How to Keep Dispersed Teams Connected
Scott Wharton, VP & General Manager, Logitech Video Collaboration
Over the past four months, the working world as we once knew it drastically shifted. Prepared or not, businesses were forced to flex their work from home protocols. This dramatic, virtually overnight, change disrupted more than just the way we work—it disrupted how we interact with our colleagues.
Humans are innately social beings. As we shift from working in the office to solely working from home, or in some cases, a new hybrid of the two, it’s important that we strategize and prepare dispersed teams to stay connected.
We believe this hybrid model will emerge as the predominant workforce model, but it’s not without some unique challenges in terms of connection and cohesion between employees. By design, hybrid workplaces are intended to be flexible and provide employees with the ability to work in an environment that is most convenient for them, whether that’s the office or at home. However, when a team of six needs an impromptu meeting, and four people are in the office and two are working from home, it’s easy to forget to be inclusive of the work-from-home employees. We tend to balance the old habits of bumping into someone at the water cooler and the new habits of scheduling every meeting. Therefore, managers will need to plan for, strategize, and implement new technologies and workplace policies that will encourage full team participation and inclusion.
A simple way companies can help overcome this is making sure they have video capabilities easily accessible in all their huddle rooms and break out rooms. And that’s the key—accessibility. Whether employees are at home or in the office, the systems need to be available and, more importantly, easy to use.
It wasn’t long ago that video systems were very complex or not readily available. In the large conference rooms where they existed, they often required a mastery of cryptic remote controls overflowing with funny looking buttons, deterring employees from walking into the room, starting a video conference, and going about their business. Now, since everyone has been exposed to video conferencing at home, and understands it’s actually very easy to use, they’re going to expect the same ease when they’re in the office. When it’s easy to use, including remote teammates on a whim will also be seamless.
When thinking about people’s hesitancy with video conferencing, it’s quite comparable to TiVo’s rise in popularity. It seems silly to think about now, but when it first came out, no one really understood the value of being able to pause, rewind, or record live TV. However, over time the product evolved, and people began seeing its value, using it more and now we can’t imagine our lives without it. The same goes for video conferencing. Right now, video conferencing is in its awareness and transition phases—people are adjusting to video conferencing being a part of their daily lives—both from a work and social perspective. So much so that, eventually, we won’t be able to imagine living without it and wondering how we put up with those awful group audio conferences.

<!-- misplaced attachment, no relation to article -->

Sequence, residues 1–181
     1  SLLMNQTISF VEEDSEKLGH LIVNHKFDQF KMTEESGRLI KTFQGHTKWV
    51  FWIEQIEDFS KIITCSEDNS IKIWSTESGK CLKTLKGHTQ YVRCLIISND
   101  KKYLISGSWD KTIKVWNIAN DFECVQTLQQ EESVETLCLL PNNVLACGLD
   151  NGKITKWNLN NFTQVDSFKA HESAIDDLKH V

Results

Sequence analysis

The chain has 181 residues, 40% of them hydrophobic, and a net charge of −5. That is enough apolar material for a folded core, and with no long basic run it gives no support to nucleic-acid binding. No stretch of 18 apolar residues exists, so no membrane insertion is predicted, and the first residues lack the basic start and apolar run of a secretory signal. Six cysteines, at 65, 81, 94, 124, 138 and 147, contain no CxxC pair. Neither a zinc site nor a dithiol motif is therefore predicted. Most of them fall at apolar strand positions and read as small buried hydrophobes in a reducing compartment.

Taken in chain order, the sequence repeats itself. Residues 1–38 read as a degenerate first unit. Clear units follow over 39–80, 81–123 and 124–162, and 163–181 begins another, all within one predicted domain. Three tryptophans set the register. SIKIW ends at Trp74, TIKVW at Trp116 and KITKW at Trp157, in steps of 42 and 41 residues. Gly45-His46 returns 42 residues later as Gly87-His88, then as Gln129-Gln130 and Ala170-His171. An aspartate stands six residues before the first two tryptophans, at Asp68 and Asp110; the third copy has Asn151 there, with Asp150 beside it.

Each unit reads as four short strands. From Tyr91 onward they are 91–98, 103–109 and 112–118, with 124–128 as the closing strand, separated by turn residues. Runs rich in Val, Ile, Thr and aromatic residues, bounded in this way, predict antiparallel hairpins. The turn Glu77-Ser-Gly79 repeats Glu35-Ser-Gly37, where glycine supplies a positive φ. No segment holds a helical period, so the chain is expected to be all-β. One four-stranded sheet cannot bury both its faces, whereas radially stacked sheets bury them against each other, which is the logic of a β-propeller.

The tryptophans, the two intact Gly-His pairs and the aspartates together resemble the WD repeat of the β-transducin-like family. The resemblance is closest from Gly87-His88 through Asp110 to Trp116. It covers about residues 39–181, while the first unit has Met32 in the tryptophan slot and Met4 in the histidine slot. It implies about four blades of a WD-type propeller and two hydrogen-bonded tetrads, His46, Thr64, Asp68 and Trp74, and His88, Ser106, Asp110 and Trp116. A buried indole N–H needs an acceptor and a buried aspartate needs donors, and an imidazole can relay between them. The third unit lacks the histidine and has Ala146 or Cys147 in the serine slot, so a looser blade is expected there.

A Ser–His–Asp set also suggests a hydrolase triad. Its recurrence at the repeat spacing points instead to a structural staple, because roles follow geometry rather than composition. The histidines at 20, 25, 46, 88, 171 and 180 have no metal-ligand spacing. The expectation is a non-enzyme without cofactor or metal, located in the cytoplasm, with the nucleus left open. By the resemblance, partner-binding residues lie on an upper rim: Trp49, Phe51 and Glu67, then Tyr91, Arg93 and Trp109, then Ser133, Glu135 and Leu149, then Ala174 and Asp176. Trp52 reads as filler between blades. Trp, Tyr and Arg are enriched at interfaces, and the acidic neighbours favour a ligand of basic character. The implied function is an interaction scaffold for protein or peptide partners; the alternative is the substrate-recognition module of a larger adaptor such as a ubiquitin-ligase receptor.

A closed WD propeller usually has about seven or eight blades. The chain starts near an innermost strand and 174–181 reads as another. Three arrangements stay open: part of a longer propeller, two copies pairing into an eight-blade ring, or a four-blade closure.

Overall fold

To ensure employees stay connected as this shift continues, companies need to take responsibility for training their employees to properly use their tools. From cursory tutorials for video conferencing (both at home and in the office) to promoting the use of other tools such as instant messaging, it’ll be important to develop, support, and encourage behaviors that imitate those we have in the office, such as “bumping” into someone in the office kitchen. Scheduling more frequent one-on-ones helps, but leaning into the social opportunities presented with video is just as important. For example, our teams have hosted video hangouts where we each take a turn sharing a hobby. During one of these virtual “happy hours” a colleague taught us all how to barbecue, and another how to spin records as a DJ.
These are unique opportunities to learn more about our colleagues and feel more connected than we did when we were all sitting in the same office. A pre-pandemic study from Microsoft found that 89% of remote employees said video helps them feel more connected to their colleagues. That stat likely holds true today, despite the rise of “Zoom fatigue.”
While “Zoom fatigue” is very real, managers can help prevent it by providing employees with proper tools. High-quality audio systems, such as noise-canceling headsets with great audio retention help our brains feel like we’re in a face-to-face conversation because our brains don’t have to subconsciously work harder to listen, and the voice coming through the headphones sounds natural. Additionally, supplying employees with mountable webcams allows for natural positioning during video calls—that way we aren’t speaking to the top or side of our colleagues’ heads. Proper camera positioning gives us the visual cues that we need for our brain to easily translate the interactions in the same manner it would during face-to-face interactions.
All in all, it is possible to keep dispersed teams connected and engaged by doing a little planning and leaning into the social tendencies of humans. Once companies make video conferencing easy and accessible in the office, supply key tools like headsets and high quality webcams for at-home, and encourage impromptu and non-work-related gatherings over video, we won’t be able to imagine a world without it.